What have we learned from measuring “quality” that we can apply to measuring “value” in healthcare?


With all of the focus and attention in healthcare turning towards the concept of “value” I am surprised at how few resources exist to help healthcare professionals figure out how to assess and measure it. As an industry, we seem to be proceeding as if everyone has the same level of understanding of value, and as if there is no need to converse and come to a shared understanding. Value to whom? Value as measured by what? We continue to roll-out “value-based” programs and initiatives, but every time I talk to a physician or other healthcare professional, they have a different take on what value is or what it should be.

One of the most interesting aspects of this is that we’ve been here before. The term “quality” is just as general and just as ubiquitous as “value;” we’ve learned over decades of measuring quality that we can’t assume that it means the same thing to everyone or in every situation. We know from experience that our ability to affect quality is directly related to our ability to get specific about it.

Consider the questions you’ve learned to ask any time you’re trying to measure quality or developing an initiative. Some of them likely include some form of the following:

  • How will we define quality in this situation?
  • How will we measure quality, and what data will we use?
  • What do those data allow us to do? What don’t they allow us to do?
  • How will we compare quality fairly (e.g., risk-adjust) and know when there’s a meaningful difference or change?
  • How will we determine what thresholds represent “good” or “acceptable” levels of quality?

We know that as a concept, “quality” is complex and nuanced, and that the answers to the above questions (and others) will change depending on the situation, the perspective, the objective, and even the available data. Often, the answers to these questions ARE what drive quality. That is, within the sphere of all of the possible aspects of care we could potentially improve upon, there is a subset of activities where quality can be measured and therefore where improvement can be demonstrated.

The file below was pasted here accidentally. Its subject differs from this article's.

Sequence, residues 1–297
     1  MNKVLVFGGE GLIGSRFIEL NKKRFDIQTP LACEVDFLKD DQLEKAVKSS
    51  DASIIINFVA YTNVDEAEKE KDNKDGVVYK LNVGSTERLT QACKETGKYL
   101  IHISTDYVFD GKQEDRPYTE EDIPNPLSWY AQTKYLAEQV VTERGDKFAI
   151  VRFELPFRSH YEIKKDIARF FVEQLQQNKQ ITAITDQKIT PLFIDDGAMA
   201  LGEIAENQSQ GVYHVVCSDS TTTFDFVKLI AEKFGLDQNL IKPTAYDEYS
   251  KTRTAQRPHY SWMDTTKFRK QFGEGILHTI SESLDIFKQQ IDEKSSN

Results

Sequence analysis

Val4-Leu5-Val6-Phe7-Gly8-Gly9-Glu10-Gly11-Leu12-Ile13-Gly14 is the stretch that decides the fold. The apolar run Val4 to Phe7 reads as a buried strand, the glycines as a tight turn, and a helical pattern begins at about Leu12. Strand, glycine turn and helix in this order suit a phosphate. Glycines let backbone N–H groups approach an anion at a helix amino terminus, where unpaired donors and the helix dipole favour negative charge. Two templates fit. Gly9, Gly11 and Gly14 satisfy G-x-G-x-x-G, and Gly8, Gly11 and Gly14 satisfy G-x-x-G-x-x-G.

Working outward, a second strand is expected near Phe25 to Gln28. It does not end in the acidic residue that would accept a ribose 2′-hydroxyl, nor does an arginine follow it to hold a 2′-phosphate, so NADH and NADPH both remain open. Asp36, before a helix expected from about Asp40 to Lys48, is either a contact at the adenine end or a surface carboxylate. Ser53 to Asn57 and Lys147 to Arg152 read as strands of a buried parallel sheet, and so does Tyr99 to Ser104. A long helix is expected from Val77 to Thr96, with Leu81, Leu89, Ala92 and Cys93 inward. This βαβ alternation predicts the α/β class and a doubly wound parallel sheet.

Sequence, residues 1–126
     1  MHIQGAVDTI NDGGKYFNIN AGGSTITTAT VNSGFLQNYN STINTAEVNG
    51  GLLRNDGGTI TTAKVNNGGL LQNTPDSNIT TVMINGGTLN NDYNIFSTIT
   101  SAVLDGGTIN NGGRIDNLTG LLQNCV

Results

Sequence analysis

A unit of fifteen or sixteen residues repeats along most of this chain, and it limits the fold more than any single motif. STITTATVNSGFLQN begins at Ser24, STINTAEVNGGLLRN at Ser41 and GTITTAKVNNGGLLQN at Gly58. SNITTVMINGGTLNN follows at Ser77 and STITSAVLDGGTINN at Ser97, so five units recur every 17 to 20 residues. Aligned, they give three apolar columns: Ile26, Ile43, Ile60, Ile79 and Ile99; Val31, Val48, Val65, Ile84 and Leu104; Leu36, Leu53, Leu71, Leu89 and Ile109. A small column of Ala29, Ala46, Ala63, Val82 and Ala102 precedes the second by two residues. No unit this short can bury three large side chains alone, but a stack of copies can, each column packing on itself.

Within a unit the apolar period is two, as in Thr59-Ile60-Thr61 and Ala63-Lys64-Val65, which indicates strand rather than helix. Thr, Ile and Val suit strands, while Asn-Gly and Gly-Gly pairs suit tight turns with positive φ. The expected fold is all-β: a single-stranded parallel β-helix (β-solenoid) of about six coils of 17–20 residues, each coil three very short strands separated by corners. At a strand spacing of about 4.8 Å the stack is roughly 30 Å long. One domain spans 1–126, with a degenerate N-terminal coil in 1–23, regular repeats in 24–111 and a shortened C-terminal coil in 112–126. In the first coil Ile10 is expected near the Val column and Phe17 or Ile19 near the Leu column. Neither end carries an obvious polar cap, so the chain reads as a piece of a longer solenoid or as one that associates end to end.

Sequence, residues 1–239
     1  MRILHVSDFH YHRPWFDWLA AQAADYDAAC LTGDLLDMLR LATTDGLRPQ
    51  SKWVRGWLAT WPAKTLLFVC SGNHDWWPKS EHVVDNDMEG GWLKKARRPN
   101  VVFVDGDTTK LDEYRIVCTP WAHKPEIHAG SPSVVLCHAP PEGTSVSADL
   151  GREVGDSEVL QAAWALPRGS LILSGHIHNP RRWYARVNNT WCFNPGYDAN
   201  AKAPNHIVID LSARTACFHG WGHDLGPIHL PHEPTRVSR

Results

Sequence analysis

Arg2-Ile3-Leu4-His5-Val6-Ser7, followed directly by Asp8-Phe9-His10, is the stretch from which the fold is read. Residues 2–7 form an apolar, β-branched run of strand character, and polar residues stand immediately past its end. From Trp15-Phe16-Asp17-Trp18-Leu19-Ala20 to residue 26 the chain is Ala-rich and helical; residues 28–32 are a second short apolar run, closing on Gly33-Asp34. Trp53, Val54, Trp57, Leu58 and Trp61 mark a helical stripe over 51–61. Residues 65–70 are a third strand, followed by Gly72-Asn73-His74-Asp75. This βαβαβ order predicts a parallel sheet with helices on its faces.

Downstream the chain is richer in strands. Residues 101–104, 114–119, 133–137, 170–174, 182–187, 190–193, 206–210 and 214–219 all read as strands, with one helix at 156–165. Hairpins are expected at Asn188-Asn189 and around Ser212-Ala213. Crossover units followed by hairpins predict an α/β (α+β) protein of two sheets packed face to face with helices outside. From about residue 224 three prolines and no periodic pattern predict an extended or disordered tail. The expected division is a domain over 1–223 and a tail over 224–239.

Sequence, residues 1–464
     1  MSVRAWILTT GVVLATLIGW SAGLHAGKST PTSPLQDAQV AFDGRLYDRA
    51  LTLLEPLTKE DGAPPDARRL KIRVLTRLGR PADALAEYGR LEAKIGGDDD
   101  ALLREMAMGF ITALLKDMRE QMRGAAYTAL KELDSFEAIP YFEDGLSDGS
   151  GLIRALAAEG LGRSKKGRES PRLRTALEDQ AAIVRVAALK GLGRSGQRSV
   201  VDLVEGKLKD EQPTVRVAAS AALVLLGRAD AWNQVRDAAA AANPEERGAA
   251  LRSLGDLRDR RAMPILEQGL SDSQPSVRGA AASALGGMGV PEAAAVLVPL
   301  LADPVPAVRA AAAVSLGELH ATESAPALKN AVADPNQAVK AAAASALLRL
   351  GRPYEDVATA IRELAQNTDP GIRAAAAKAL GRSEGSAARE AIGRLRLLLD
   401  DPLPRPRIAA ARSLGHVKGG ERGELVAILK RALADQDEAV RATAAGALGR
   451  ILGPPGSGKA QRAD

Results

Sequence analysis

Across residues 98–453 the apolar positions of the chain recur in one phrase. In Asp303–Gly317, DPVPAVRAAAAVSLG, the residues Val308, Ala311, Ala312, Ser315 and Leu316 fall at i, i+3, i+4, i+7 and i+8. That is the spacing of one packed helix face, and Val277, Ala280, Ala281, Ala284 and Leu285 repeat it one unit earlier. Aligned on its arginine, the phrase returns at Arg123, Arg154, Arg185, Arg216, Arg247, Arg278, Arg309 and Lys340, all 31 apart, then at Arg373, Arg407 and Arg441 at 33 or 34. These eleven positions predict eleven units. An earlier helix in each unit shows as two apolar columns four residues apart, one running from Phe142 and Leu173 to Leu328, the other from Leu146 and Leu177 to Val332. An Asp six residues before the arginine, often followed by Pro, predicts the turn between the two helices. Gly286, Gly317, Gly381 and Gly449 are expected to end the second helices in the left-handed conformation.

To assess, measure, and eventually affect value, we need to get just as specific. We need to understand that the same questions we ask of quality need to be asked of value. In order to design a quality improvement project and measure value, we need to ask ourselves:

  • How will we define value in this situation? Are we interested in only the direct monetary impacts (i.e., costs and revenues), or are we also interested in indirect benefits (e.g., impacts on value-based reimbursements, availability of beds, changes in staff time)?
  • How will we measure value? What metrics will we use? What time frame will we look at (during the intervention vs some time into the future, etc.)? If we’re interested in less tangible benefits (patient/staff satisfaction, quality of life) how do we plan to measure and quantify them?
  • To what will we compare the results? What is a meaningful threshold or benchmark for value, and how will we make comparisons fairly?

These are just a few of the questions we could ask. But, we can already see how the answers to these questions could have a direct impact on how value is calculated and what it represents.

Also keep in mind that the answers to these questions will evolve as we better understand our systems, our data, and the value that we want to capture. Note that even after all of the years of assessing quality, we still have conversations and debates about the best way to measure and compare quality. It would be naive of us not to assume that we face a similar journey in the exploration of value.

Sometimes I wonder if we’re not having these conversations because we assume that we’re supposed to already know the answers. We don’t. We need to approach issues related to value with the same reverence and diligence that we approach those related to quality.

Let’s keep the conversation going. Let’s pursue the ideal of expending at least a proportional level of time, effort, and study to the concept of value that we do to the concept of quality. There is an opportunity to lead in this area, to blaze the trail and set an example of how to think about and study value in healthcare. But first we need to be honest with ourselves regarding where we currently stand.